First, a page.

Essential factors model
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An essential factor is one which when removed from, or added to, an incident sequence will interrupt that sequence.
A contributing factor is one which increases the likelihood that the sequence of factors will continue but is not essential to the damage.
Every incident has essential factors associated with people, equipment and environment giving the 100% paradigm:
100% / 100% / 100% paradigm –
- 100% of incidents include “people” factors
- 100% of incidents include “equipment” factors
- 100% of incidents include “environment” factors
It is the purpose of the Essential Factors model to attempt to use value-neutral language to give maximum “meaning” and minimum “affect”. This will not always be the case but it is suggested that the use of the word “cause” and “human error” by an accident investigator during data collection and interview phases, will have a potentially greater negative response than the use of alternative words.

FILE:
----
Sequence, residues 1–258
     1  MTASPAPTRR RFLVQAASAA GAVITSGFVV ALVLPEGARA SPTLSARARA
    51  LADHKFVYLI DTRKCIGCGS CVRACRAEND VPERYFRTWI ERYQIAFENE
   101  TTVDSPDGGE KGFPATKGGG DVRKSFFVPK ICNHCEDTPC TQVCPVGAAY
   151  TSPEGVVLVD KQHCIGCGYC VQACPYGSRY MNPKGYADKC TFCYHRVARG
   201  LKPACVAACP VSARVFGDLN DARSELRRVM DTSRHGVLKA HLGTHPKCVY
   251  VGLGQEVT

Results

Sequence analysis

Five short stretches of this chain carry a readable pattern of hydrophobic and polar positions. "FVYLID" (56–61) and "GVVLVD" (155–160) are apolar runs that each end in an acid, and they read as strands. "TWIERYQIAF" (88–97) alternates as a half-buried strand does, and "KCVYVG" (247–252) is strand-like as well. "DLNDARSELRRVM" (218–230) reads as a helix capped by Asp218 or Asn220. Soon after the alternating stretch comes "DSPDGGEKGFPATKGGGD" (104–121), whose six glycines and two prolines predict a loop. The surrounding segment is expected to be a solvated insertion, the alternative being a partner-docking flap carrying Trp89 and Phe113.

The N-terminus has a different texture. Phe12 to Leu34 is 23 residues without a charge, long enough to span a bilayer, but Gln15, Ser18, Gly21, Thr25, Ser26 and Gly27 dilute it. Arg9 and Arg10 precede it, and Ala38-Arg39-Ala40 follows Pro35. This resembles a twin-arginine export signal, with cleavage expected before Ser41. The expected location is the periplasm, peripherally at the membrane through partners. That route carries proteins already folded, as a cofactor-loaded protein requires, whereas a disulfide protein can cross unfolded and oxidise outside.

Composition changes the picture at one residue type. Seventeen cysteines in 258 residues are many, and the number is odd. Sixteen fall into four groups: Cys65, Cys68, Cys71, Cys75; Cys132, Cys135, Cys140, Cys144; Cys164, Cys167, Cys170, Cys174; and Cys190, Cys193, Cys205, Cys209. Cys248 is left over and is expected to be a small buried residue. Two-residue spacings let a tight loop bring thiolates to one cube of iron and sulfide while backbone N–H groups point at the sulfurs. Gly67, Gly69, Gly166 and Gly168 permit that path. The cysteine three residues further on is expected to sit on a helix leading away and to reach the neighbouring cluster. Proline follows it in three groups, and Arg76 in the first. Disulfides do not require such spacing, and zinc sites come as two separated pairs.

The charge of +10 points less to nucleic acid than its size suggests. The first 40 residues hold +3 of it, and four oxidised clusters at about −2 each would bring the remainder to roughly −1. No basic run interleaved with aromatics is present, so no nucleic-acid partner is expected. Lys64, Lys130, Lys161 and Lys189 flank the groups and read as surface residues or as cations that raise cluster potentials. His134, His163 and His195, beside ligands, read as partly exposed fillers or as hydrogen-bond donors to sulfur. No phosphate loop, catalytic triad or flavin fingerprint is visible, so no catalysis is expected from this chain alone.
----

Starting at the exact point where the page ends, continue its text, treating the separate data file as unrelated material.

All essential factors differ in controlability. Each essential factor, once identified is able to be reviewed for potential points of control. That is potential ways in which to reduce the risk of that incident re-occurring.
- "Essential Safety | InterSafe - International safety, ergonomics and forensic engineering". Intersafe.com.au. Retrieved 2008-11-06.
- Geoff McDonald & Associates Pty Ltd, HAZARD EVALUATION USING ESSENTIAL FACTORS METHODOLOGY, May 1991
- Vidmark Productions Limited, THE ESSENTIAL FACTORS OF ACCIDENTS
- Ergonomics Society of Aust. ed (1994) ERGO WEEK 1994, INVESTIGATION FOR PREVENTION, UNDERSTANDING CONTRIBUTORY FACTORS: MYTHS VS REALITY, PH&Assoc, Qld.